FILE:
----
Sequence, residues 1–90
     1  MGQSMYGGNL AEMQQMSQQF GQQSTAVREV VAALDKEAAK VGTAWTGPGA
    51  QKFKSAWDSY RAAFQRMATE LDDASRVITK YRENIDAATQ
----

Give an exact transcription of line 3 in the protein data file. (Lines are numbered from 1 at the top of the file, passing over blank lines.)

    51  QKFKSAWDSY RAAFQRMATE LDDASRVITK YRENIDAATQ